It seems as though hardly a month goes by without the launch of some flashy new mobile phone. Yet according to new figures from Gartner, overall mobile sales are slowing throughout most of the world, which could mean trouble ahead for some vendors – particularly Nokia. Total sales of all types of handsets were essentially flat …
Everybody here that wanted, or needed a smartphone got a decent one now.
Also, the increase in specs has been so spectacular in the last 6 months (screen size and resolution, project butter, new cpus), that people wonder if the trend will stop soon, and won't mind waiting a bit to get even better, I guess.
This is the type of thing that brings prices down and new products out for sale. It is silly bad business to innovate when your current product is selling like crazy at high margins but once sales drop something has to give. I agree with you, it'll be interesting to see what happens.
Dump MS, Nokia!
Elop brought only grief to Nokia by dumping Symbian and tying them to the unsellable MS/WinPhone platform. The cursed ship has usually claimed the companies that have backed it, like Sendo and Palm. Why the hell did they take that path?!?!
It is probably still time to dump Elop and change course. Nokia should do it while there's still cash to do so...
Re: Dump MS, Nokia!
Probably already too late.
And such flights of fancy (Let's dump Symbian! Now let's dump Win8!) will not help the image of Nokia.
Dump Elop (MS goes with him)
Nokia would be the Lenovo of smarphones if they'd bring out Android versions of their phones.
But MSFT doesn't want that because it would provided conclusive proof of what is widely acknowledged: WinPho is a failure.
MSFT FAIL. WINPHO FAIL.
Nokia is not a top 10 smartphone OEM any more
Until they are again how about some articles about the up-and-coming all-stars instead?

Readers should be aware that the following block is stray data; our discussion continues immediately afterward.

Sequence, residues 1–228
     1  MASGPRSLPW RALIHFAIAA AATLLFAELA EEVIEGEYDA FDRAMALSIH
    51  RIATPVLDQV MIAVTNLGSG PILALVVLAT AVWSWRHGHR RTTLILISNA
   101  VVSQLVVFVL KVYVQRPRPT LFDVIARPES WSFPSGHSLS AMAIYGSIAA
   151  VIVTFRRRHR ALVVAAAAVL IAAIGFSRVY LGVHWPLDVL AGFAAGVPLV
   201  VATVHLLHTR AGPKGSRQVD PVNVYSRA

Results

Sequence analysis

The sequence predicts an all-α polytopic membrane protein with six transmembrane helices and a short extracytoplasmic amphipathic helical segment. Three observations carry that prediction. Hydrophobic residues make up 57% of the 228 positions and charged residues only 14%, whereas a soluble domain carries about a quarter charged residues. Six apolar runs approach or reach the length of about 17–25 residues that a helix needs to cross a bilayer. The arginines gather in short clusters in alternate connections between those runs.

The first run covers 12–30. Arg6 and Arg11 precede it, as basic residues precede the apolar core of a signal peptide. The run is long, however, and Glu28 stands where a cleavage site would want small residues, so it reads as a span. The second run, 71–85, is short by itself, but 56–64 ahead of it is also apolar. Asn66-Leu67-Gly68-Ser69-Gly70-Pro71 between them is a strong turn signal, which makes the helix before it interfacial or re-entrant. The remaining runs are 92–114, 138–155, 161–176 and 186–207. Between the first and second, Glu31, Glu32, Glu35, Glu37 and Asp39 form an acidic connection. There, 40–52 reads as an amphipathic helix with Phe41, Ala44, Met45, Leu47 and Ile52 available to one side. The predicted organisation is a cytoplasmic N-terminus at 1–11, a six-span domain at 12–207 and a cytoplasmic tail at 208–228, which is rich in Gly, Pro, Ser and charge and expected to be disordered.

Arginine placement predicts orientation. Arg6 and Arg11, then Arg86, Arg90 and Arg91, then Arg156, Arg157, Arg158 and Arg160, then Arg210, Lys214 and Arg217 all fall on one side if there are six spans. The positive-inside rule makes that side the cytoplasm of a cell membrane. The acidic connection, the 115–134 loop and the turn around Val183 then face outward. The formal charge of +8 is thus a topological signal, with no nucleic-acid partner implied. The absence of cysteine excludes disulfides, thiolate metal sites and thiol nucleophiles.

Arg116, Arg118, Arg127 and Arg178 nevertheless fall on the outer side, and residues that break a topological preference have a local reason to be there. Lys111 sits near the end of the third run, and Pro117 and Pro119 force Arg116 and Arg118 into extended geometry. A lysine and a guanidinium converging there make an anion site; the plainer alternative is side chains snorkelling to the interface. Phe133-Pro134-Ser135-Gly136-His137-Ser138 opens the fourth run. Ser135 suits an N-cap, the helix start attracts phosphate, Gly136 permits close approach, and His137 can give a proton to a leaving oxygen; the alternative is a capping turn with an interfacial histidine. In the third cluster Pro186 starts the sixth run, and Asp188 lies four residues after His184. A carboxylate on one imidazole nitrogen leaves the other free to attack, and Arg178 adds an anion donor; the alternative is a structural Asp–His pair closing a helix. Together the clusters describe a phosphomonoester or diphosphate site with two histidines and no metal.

Re: Nokia is not a top 10 smartphone OEM any more
Ermmm they're top 4 in smartphone markets according to numerous sources, so while it is fun to play the nokia's dead bandwagon and yes their market share is tiny compared to the big two, they're still a player.
A deeper look at the figures show that Windows Phone has also seen a significant market share increase to 2.9%, up from just over 1% Q1 2012. Seeing as Nokia commands the vast majority of that market share that equates to their smartphone market increasing.
Now taking the figures further of Androids 75% market share around 35 points of that is made of Samsung handsets, the other 40 points is spread out over the rest of the android handset makers. Android's 3rd best selling OEM doesn't even hit 5% market share. Nokia's smartphone marketshare is only a point or two behind that of the majority of Android OEMs.
So, the marketshare of the former market leader is 'only' a point of two behind the inconsequential Android OEMs.
Well, that's a relief!
I never really pegged Sony or HTC as inconsequential Android OEMs.
No wonder you don't think of them as inconsequential, after all, you seem to believe that 2,9% is a big deal.
The generic £50 Android.
People in the emerging markets are the only ones buying basic handsets and they are, doubtless, tempted by unbranded Android models.
Good question as to where this leaves Nokia who rely on basics and don't have Android. But I think it will affect the global market pretty soon.
Aside from the fashion conscious, why would we not buy ZTE or Huawei -- they've been making OEMs for years and their branded offerings are looking good, not just good value. And after them, several other Chinese makers are becoming household brands in their home market.
... are nothing to do with the global state of the market. Nokia's problems are entirely of Nokia's own making.
Or, to put it another way, it's nothing to do with the fact that people aren't buying phones; it's all to do with the fact that people aren't buying Nokia phones.
Perhaps people have been spending their money on tablets...
Fun how the maturing of the mobile phone market isn't being heralded by the media as the end of mobile phones, like we've been seeing regarding traditional PC's...
Perhaps like tablets verses laptops and desktops, once people have a nice shiny tablet, they discover that they don't really need or can afford a fancy new mobile phone in addition to the tablet - as the fancy stuff is largely handled by the tablet, hence last year's mobile phone is still fit for purpose and in fact that old phone in the bottom of the draw has better battery life...
With practically all major IT consumer device markets reaching maturity we're now entering interesting times as companies will no longer be able to hide inefficiencies behind increasing sales volumes and revenues.
Nokia on the way out?
I'm not buying it.
Tripling their (admittedly tiny) market share without help from their new cheaper wp8 models tells me there is a lot of potential there. And whatever the joys of Elop-bashing , I was very pleasantly surprised by wp8.
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